I brought it home and turned the radio on to hear the terrible news about Aberfan, so I can date that to October 1966. I don’t still have the book, I wish I did. It was a copy of Ovid’s poems.

Before that we lived on a farm in Wiltshire and as a little girl I was always collecting something – fossils, shells, bones and what have you – and I do still have some of those.

How would you describe your book collection now?

Well, it isn’t just books any more – there’s an old school slate in the latest part. I began to collect printed material from any time as long as it was authentic. The main criterion was that it had to look exactly as it did when it was made, so condition was very important too.

In the end I had a representative sample of books, newspapers, magazines and ephemera from the late 18th century up to the 1940s.

So Books as they were bought is me recreating the market, the historical background, to show people the shop window as it existed in the past.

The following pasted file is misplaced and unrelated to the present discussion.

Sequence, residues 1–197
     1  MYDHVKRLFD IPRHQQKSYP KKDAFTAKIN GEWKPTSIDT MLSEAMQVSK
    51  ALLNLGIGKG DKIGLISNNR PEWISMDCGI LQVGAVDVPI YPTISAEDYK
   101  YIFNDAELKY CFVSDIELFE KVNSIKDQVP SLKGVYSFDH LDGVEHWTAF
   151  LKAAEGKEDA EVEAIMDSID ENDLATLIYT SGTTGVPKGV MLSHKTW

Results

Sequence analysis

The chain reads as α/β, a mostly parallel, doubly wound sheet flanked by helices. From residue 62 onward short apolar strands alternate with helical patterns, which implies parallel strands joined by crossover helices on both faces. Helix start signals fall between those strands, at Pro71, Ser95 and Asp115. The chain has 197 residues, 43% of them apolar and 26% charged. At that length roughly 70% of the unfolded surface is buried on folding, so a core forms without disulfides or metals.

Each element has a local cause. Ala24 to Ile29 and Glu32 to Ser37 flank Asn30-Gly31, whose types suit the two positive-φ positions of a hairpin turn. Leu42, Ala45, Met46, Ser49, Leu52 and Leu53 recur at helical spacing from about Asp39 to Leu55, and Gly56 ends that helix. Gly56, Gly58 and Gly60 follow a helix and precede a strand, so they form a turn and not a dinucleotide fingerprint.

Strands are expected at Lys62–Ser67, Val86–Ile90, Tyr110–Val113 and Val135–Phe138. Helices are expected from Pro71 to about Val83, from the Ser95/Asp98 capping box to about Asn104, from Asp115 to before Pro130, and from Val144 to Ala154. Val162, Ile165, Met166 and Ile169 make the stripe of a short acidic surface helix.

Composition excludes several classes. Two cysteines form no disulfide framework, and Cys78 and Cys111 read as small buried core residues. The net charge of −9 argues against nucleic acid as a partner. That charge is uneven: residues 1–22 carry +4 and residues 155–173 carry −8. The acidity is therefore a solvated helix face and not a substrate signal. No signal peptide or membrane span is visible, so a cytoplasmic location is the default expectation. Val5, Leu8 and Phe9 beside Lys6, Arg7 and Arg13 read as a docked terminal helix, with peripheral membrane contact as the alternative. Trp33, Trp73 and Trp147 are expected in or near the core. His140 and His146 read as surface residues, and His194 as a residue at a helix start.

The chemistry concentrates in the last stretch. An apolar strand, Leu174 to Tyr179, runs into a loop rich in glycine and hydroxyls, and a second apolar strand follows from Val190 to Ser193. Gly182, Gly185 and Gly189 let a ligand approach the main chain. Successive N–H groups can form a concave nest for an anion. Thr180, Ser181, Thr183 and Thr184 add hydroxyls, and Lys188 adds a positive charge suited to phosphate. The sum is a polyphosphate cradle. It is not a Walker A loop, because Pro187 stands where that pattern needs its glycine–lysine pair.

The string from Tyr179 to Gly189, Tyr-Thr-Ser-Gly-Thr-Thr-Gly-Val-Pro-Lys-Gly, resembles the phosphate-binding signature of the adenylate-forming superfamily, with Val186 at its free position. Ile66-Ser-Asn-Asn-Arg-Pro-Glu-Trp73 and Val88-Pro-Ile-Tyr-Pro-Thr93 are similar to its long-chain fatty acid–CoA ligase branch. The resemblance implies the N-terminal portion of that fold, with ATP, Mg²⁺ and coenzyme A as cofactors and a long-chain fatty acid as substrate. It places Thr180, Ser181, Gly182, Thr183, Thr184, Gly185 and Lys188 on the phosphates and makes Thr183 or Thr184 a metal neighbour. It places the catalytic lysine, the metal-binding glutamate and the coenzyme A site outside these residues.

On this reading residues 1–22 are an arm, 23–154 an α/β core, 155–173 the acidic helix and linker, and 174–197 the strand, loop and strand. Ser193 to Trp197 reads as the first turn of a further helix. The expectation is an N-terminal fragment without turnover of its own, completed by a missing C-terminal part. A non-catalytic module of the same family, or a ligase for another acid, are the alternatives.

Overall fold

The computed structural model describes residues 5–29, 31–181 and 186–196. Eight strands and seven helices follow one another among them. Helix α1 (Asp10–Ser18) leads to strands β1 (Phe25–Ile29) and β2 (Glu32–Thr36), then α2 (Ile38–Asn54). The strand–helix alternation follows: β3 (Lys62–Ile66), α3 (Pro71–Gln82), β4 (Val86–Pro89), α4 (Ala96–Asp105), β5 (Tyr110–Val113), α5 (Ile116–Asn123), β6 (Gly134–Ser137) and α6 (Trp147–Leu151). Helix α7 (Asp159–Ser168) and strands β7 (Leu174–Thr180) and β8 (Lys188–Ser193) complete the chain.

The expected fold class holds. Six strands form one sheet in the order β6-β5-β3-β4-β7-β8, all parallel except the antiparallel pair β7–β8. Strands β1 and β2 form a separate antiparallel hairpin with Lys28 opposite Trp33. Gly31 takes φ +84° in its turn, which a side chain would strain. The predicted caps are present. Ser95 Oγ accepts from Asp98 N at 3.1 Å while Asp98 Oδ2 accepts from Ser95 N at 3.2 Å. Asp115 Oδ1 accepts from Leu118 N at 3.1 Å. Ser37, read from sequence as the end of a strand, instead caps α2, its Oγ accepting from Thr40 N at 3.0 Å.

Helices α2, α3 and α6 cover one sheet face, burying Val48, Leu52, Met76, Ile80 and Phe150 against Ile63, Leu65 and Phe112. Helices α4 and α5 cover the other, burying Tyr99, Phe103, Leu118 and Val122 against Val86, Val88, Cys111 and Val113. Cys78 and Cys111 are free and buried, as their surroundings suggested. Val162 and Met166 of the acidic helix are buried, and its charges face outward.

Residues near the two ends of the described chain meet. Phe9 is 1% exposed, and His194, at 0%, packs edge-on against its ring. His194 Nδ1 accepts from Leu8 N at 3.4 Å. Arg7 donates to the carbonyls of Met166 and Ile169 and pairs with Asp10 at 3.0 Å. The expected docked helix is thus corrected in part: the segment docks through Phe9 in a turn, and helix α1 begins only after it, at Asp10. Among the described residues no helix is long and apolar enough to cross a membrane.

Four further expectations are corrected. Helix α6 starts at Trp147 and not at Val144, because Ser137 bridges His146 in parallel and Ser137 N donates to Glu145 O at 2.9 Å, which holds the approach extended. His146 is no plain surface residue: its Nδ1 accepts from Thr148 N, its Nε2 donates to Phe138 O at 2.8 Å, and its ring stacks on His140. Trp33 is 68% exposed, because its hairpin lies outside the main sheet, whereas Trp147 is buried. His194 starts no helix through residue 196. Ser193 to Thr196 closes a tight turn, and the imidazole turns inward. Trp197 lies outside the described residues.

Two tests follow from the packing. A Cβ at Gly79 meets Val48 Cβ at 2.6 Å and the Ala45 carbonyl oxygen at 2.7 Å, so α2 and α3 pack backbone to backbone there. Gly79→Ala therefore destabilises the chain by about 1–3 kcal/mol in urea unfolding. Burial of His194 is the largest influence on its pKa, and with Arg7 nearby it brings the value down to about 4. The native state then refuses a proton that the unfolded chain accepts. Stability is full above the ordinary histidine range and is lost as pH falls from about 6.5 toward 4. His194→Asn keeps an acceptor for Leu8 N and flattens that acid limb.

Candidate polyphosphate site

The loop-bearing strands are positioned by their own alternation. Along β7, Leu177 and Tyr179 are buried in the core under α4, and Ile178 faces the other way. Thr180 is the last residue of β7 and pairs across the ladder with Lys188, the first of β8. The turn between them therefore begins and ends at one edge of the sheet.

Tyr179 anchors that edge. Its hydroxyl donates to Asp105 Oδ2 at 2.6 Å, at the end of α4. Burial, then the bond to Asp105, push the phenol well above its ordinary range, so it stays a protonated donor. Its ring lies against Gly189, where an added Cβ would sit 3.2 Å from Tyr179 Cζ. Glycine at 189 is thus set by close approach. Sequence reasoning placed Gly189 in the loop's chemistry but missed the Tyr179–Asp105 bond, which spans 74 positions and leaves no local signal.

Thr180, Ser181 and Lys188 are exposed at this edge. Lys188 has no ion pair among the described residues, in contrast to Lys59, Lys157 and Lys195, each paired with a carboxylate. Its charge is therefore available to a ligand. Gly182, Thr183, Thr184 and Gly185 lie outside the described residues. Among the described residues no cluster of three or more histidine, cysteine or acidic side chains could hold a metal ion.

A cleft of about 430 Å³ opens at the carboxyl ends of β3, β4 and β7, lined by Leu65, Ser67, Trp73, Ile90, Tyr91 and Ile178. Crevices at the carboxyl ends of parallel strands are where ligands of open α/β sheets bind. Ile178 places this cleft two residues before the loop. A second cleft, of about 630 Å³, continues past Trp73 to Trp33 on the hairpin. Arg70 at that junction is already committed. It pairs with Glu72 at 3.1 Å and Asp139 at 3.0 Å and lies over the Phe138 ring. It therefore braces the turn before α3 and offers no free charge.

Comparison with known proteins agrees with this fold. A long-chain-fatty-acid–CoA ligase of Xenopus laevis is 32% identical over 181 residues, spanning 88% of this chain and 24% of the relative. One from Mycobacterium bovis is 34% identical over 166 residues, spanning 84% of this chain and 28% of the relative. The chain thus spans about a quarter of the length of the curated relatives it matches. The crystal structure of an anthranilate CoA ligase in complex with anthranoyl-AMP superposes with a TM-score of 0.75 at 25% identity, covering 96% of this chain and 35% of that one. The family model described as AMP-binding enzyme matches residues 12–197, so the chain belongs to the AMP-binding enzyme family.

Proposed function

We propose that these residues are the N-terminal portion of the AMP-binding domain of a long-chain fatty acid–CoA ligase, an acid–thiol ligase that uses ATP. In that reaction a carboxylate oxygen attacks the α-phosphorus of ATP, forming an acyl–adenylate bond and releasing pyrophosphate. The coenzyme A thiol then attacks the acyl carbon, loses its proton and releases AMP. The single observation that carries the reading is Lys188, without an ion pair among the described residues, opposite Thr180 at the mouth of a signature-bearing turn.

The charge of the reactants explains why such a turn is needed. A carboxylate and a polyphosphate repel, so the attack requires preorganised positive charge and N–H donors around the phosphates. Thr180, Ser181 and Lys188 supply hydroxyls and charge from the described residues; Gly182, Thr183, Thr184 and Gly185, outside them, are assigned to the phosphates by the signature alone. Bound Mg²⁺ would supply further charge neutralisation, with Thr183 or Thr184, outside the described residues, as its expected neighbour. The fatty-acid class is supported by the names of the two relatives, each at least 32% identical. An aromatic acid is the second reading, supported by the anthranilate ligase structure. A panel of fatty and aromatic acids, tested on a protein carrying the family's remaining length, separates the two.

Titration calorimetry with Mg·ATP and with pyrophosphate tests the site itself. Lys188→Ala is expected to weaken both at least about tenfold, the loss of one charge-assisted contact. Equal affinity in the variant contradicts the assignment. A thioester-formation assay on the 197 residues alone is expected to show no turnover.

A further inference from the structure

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Books for the commuter – the red one in the middle is from the ‘Run and Read Library’ and, in case the target audience were in any doubt, it has a train and a stagecoach on the spine.

So it isn’t the text of the books you’re interested in?

Not usually. I’m not a literary type. And it’s much easier, and cheaper, to build up a collection if you’re more interested in the thing itself rather than the content.

I don’t mind odd volumes and I’m rarely looking for what everyone else is looking for.

For example, I needed a Strand Magazine for the 1890s and got one for a few pounds. If I’d wanted a copy featuring Sherlock Holmes it would have been a few hundred pounds.